17 Jan Every Dollar You Make Has a Job: How to Break Down That Paycheck
Cash Flow, Financial Planners, Financial Planning, Income, Saving, Spending, Stocks, Bonds, Mutual Funds
You have a job. You work hard, day in and day out, and for that, you rightfully expect to be paid. But if your money is lazy and isn’t working as hard as you are, then you may need to make some adjustments.
Every dollar you make has a job to do, and each job is different. If our world was filled with police officers, but no judges, everyone would be in jail. You should make sure your money is all performing the different jobs it was meant to.
The Difference Between Your Net and Your Gross
Gross pay is your entire salary. Net is what is left after you pay out everything that needs to be deducted. Some of your money will stay, and some will go, just like some people can telecommute for work, and some do a lot of traveling.
Working at home is fun. So is your net pay (usually). After paying your bills—your taxes, mortgage, utilities, car payments, groceries, etc.—what you have left is what you can play with. Much like a stay at home mom—after taking care of the house, the meals, and all the other mandatory adult things, then she has time to play with the kids and have fun. What kind of fun can you have with that discretionary money, if there is enough of it?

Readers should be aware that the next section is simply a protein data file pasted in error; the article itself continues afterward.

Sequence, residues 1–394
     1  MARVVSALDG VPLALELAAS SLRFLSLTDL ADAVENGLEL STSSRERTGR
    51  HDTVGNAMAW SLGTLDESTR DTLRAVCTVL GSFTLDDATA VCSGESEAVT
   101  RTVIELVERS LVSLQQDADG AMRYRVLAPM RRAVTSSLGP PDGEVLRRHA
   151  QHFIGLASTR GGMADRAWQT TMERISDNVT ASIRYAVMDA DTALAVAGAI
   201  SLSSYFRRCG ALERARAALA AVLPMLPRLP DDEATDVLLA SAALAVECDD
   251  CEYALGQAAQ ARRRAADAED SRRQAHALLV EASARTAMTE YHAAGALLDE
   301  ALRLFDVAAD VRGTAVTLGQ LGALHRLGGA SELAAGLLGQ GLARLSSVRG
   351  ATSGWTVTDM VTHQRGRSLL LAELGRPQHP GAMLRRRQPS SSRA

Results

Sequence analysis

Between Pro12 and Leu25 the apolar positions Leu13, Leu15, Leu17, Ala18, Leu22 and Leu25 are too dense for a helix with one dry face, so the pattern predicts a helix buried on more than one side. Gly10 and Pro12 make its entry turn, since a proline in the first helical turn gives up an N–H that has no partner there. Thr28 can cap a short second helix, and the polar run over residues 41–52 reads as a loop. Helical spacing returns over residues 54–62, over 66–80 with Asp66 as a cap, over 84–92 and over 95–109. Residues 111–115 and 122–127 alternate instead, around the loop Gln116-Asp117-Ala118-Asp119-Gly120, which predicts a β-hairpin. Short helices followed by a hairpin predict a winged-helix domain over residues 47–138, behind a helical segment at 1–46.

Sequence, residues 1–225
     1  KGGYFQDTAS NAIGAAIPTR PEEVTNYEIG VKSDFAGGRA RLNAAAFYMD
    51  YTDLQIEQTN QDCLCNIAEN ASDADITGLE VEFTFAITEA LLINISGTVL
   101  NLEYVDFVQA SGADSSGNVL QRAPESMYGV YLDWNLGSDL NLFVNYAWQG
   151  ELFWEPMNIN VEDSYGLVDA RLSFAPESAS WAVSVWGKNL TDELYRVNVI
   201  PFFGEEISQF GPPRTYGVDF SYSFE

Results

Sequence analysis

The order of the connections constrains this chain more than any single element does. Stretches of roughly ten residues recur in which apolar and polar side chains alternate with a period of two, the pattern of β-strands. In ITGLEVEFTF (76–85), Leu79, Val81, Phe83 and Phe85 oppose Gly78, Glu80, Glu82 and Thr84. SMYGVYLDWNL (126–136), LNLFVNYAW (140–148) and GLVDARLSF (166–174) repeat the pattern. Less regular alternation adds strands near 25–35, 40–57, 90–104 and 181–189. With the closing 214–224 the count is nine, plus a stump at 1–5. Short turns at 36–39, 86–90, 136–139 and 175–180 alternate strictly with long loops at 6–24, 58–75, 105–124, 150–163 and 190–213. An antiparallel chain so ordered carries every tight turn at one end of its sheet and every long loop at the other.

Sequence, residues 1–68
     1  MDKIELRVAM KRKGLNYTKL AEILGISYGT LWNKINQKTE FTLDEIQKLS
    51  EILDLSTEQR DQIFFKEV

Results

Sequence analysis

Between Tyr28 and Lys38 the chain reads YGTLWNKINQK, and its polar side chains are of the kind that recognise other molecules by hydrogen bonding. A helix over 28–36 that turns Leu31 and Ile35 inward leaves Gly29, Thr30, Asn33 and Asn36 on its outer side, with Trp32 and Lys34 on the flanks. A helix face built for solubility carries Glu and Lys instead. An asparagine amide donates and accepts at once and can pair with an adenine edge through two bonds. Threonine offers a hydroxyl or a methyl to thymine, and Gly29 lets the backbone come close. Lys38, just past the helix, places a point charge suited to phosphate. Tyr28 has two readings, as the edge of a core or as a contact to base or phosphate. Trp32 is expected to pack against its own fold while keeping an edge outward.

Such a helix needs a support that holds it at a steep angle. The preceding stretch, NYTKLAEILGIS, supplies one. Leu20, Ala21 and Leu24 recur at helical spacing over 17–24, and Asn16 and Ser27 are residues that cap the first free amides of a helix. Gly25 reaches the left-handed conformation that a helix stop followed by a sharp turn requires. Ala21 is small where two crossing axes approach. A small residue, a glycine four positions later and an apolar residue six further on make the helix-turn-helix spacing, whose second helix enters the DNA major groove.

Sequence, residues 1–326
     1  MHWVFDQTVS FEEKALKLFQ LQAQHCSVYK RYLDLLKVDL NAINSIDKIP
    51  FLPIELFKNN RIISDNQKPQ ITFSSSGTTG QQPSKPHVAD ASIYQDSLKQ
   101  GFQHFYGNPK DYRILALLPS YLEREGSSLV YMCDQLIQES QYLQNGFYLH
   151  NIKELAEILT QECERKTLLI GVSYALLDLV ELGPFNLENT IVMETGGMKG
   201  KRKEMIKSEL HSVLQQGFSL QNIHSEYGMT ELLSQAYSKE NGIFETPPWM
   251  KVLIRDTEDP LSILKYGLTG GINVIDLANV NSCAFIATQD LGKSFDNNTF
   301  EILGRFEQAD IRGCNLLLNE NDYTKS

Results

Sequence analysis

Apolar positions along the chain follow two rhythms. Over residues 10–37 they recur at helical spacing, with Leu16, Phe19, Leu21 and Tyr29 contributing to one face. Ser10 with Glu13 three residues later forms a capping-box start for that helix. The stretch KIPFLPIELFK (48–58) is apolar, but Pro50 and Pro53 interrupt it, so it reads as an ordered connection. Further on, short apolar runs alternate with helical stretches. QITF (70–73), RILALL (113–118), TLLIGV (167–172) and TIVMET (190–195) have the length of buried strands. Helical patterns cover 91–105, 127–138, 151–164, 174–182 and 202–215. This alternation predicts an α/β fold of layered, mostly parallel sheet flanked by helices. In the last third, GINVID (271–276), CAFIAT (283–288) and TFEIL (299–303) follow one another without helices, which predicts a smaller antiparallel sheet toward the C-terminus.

What To Do With What’s Left in Your Net
This is where the fun begins or decisions can be overwhelming. Talking to a financial planner might be your best bet if you have questions about what you should do with your discretionary income.
Other than spending your money on whatever you desire, you have many different saving options. Your advisor might talk to you about investments and an emergency fund. Some things you might discuss include:
Buying stock is the opportunity to become part of company, reaping its benefits when it does well. As a stockholder you can earn dividends when they are paid and/or look for a company that is expected to grow well.
A bond is loaning money for the sake of earning interest paid at intervals for a period of time. You don’t own any part of the company, but you are paid interest usually at a stated rate for a stated period of time.
Mutual funds are a group of investments sold as a package. They can be stocks, bonds or a combination of both. The theory is that the volatility is lower than individual stocks and good for investors who want a lot of diversity in their investments but perhaps don’t have a lot of money to buy the individual holdings in the fund.
Alternative investments are another investing option, but this is the sort of thing chosen by hedge funds and the wealthy investor.
As you can see, even money that is sitting around has a job to do. If you are going to work, you’d better make sure the money you bring in is doing the best job it can for you!